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8) Create a Following

Once the groundwork is laid, you need to cultivate the support of the community, reach out, and involve more people. In order to succeed, your organization is going to need the support of many people.

  • Start an organizational mailing list. Compile the addresses of your animal-loving friends and ask all your board members and volunteers for names and addresses of people they know who may be interested in being a part of your organization. You’ll need a simple, computerized mailing-list database or even spreadsheet.  Your mailing list forms the foundation of all your future fundraising efforts. While it may seem obvious, organize your mailing list so that each part of the contact information is in a separate column of the spreadsheet. This will make the information much easier to work with later.

  • Hold a public meeting. One way to garner support from a broad spectrum of the community within a short timeframe is to hold a public meeting, where you can explain what your group is going to accomplish. 

    • Publicize the meeting. Send a meeting notice to all the nameson your newly created mailing list to announce your meeting. The U.S. Postal Service offers services on their website which can help you make eye-catching postcard notices or other sorts of invitations and mailings. Put up flyers and posters, make announcements in local list serves and newsletters, or write up a press release to help get the word out. Make sure that ALL of the following pertinent information is included: organization’s name, mailing address, phone number, e-mail address; subject of the meeting; when (date and time); where (give the address and directions).

    • Set a goal for the first meeting. State in one or two sentences exactly what you would like your meeting to accomplish. At this first meeting, it's important to establish your credibility and to explain your organization’s program clearly and positively. While you want to convince people of the seriousness of your issues, be sure to speak in a positive tone. It is important that you convince attendees that this is a do-able project and that they can make a difference. An unproductive meeting can be the kiss of death to a young group, since the busy, productive people you need to connect with do not have time to waste.

    • Provide written materials. Provide take-home handouts and encourage attendees to share the information with others. Materials you’ll want to have available at the meeting include:
      • Information about the program/organization
      • Donation request form or flyer and donation coin canister
      • Sign-in sheet with fields for name and contact information
      • Volunteer form for attendees to indicate their area of volunteer interest and to inform you about any feral colonies they are aware of in town
      • Posters announcing the next meeting date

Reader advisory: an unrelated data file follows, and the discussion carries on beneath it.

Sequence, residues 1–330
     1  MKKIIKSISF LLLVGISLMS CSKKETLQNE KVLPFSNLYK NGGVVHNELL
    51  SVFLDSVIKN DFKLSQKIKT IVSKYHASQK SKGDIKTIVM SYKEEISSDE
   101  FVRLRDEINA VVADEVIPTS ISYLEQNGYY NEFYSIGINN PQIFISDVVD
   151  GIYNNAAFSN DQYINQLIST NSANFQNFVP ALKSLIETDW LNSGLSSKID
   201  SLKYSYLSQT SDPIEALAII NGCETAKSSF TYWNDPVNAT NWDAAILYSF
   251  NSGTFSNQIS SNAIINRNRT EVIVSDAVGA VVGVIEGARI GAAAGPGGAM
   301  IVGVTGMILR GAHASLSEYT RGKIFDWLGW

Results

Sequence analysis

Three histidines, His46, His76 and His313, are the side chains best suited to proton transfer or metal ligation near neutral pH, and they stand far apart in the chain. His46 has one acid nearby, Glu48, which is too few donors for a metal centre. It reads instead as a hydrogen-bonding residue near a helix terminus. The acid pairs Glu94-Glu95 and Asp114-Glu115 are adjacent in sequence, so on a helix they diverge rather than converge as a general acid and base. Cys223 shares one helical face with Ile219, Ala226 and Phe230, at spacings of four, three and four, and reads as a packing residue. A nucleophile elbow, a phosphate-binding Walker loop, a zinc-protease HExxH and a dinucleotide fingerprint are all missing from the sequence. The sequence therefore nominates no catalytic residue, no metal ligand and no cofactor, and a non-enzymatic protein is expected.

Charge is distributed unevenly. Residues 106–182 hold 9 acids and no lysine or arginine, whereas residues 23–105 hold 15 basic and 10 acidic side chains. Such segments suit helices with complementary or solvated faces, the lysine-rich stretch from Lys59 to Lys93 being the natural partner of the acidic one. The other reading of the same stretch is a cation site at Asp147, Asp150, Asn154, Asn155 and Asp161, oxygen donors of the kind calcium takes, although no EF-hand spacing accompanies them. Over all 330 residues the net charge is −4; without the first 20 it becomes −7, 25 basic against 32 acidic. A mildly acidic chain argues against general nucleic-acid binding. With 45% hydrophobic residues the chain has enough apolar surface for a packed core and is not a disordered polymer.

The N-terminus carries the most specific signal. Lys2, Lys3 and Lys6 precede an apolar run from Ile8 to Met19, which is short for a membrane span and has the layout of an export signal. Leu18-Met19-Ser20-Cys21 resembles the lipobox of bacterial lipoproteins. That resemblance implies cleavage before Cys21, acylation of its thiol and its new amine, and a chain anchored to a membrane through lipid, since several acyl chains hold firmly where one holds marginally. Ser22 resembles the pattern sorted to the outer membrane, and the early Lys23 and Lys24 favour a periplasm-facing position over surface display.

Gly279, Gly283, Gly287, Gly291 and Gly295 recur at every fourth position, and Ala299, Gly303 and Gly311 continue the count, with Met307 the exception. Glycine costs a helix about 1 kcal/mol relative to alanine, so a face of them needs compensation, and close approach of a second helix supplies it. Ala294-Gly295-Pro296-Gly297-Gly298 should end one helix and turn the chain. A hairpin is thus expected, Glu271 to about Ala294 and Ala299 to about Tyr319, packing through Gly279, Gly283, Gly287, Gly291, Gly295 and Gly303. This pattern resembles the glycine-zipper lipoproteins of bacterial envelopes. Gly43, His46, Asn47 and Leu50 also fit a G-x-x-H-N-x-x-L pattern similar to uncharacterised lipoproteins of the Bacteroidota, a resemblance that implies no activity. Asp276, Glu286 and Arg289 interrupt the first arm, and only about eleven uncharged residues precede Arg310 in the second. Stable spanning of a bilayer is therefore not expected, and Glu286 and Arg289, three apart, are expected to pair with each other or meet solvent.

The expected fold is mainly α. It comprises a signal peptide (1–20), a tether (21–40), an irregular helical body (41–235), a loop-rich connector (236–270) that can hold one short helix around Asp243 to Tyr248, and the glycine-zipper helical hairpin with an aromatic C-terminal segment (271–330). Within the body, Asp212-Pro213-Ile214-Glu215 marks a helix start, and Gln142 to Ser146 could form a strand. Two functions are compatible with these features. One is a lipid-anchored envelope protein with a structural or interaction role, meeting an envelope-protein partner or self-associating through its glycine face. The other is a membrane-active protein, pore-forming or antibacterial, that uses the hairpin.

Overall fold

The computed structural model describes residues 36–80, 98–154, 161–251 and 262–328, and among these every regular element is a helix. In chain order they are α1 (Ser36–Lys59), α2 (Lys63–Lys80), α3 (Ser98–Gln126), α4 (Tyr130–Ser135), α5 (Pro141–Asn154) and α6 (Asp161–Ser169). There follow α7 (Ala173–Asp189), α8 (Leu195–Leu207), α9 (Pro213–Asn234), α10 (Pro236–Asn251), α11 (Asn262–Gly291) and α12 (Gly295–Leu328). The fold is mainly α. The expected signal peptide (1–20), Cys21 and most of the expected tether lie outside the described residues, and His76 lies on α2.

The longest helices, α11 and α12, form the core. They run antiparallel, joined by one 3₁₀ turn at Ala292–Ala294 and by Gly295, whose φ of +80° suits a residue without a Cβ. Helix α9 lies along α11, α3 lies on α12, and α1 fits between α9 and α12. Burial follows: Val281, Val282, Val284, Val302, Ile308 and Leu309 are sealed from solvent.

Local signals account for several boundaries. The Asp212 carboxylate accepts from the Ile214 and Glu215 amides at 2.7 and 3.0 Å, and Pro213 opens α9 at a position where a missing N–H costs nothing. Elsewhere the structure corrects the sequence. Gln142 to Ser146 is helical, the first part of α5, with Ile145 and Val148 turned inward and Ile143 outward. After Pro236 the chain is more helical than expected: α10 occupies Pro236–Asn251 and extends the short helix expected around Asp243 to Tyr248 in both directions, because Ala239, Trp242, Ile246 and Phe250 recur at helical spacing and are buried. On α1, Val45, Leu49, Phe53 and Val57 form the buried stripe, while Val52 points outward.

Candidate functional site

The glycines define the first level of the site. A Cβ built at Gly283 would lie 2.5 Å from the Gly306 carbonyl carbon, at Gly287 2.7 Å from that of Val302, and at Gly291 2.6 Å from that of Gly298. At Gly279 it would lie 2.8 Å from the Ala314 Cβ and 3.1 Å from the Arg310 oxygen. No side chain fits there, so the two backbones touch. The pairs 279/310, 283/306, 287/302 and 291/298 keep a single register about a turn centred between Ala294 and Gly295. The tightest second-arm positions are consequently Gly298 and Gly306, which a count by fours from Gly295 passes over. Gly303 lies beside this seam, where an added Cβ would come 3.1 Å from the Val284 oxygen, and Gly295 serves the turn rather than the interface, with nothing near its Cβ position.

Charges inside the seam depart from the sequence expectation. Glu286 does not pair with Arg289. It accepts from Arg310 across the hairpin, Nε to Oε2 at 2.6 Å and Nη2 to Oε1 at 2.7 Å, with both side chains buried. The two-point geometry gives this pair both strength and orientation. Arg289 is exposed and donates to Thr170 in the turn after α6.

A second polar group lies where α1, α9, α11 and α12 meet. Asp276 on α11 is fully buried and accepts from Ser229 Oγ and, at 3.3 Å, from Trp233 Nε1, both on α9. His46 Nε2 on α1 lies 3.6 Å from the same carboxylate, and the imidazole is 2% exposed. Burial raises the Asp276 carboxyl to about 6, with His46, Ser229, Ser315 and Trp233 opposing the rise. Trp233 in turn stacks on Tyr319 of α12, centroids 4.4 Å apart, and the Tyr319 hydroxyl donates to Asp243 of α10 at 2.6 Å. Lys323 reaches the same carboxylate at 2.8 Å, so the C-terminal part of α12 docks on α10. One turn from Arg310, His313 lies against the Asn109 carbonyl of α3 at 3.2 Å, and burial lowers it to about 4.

• A printed agenda with time limits for each item 

    • Organizing a Successful Meeting. Set ground rules and appoint a strong, but fair, chairperson. The chairperson’s job is to maintain focus and order and prevent the meeting from degenerating into a series of "cute animal stories” or “war stories.” The appropriate time for people to chat is after the meeting ends. (As one of the organization’s leaders, don’t underestimate the value of your personal time spent getting to know people. Many valuable connections are made informally, after the meeting is over.).  Arrange follow-up items for attendees. Note action items and take action!

    • Make it fun. People come to meetings because it is a cause they believe in and want to help; but they also want their time spent devoted to causes to be social and fun. Consider offering refreshments and allow time for people to mingle and get to know one another. Invite people to bring a friend or even offer door prizes to supporters who bring the most friends. Word of mouth is your greatest ally in generating your own local movement.

  • Create eye-catching publicity materials.

    Appearance matters! If it’s too busy, hard to read, sloppy, or dull, it will not have the desired result. Use professional-looking graphics or photographs to make your materials more eye-catching. Place your logo and organizational name prominently in each piece. Design your materials to have the same look and feel to help people recognize your organization visually.

    Accuracy counts. Have at least two people proofread and edit all materials before they go out – letters, posters, flyers, literature about the group—everything. They should be checking for errors in spelling, grammar, content, and comprehension.

    Style and tone. Avoid using guilt or a “doom-and-gloom” approach. You can present substantive information in a positive manner. Your events should sound appealing and upbeat and your organization should be presented as a winning, successful program. Always phrase things in a positive light.

    Share materials all around town. Select locations and assign volunteers to post the notices. Vet clinics, groomers, public libraries, town halls, supermarket bulletin boards, pet supply stores, and local businesses should all be covered. To maintain good relations in the community, always ask permission before posting notices.

  • Build relationships with the media. Send news releases to the local newspapers and a public service announcement to local radio stations about events and organizational activities. Read more about publicity materials.

Next Step: Recruit Supporters, Volunteers, and Employees